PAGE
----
Lake Tahoe Acquisitions Bond Act of 1982 (Government Code section 66950 et

Acquisition of eligible lots shall be subject to review and approval by the
Conservancy board and the allocation and availability of funds for this program.

                                       Page 5 of 10
                                         Appendix B

                     (Adopted - September 16, 2005)


The following guidelines and criteria are intended to serve as guidance for the staff of the
California Tahoe Conservancy in reviewing and evaluating proposals for Conservancy
acceptance of donations and dedications of interests in real property and nominal-cost
acquisitions of deed-restricted parcels.


The California Tahoe Conservancy is authorized under Section 66907.2 of the
Government Code to "accept and hold real property or any interest therein acquired
through gift, exchange, donation or dedication." The Conservancy is further authorized
under Section 66907 of the Government Code to “select and acquire real property and
interests therein, in the name of and on behalf of the state, for the purposes of protecting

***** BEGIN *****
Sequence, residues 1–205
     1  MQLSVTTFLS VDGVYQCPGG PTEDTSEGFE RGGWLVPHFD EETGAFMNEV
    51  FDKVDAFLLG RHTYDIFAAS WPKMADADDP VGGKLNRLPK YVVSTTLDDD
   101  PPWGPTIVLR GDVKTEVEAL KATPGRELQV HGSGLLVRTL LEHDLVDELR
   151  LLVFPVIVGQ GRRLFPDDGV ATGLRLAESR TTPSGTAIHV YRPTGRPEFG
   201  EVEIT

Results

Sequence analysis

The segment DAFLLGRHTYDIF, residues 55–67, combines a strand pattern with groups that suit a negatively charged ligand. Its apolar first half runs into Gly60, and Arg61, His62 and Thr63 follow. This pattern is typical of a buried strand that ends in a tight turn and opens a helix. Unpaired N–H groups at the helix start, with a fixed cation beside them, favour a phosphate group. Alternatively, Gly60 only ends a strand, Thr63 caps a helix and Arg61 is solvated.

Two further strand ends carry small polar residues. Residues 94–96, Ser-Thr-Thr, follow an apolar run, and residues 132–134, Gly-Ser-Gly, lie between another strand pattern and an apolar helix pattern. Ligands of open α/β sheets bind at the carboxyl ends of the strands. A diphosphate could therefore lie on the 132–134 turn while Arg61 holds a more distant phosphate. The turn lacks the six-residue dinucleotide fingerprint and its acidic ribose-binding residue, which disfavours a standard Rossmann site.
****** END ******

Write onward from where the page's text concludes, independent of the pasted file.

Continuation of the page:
the natural environment, providing public access or public recreational facilities,
preserving wildlife habitat areas, or providing access to or management of acquired



1. Purposes and Objectives: In general, Conservancy acceptance of the donation or
dedication of an interest in real property, or the nominal-cost acquisition of a deed-
restricted property (as defined below), shall further at least one of the following purposes
and objectives:

      (a)   protection of the natural environment;
      (b)   enhancement of public access opportunities or public recreational facilities;
      (c)   preservation of wildlife habitat areas; or
      (d)   improvement of access to or management of acquired lands.

                                         Page 6 of 10
For purposes of these guidelines, "protection of the natural environment" includes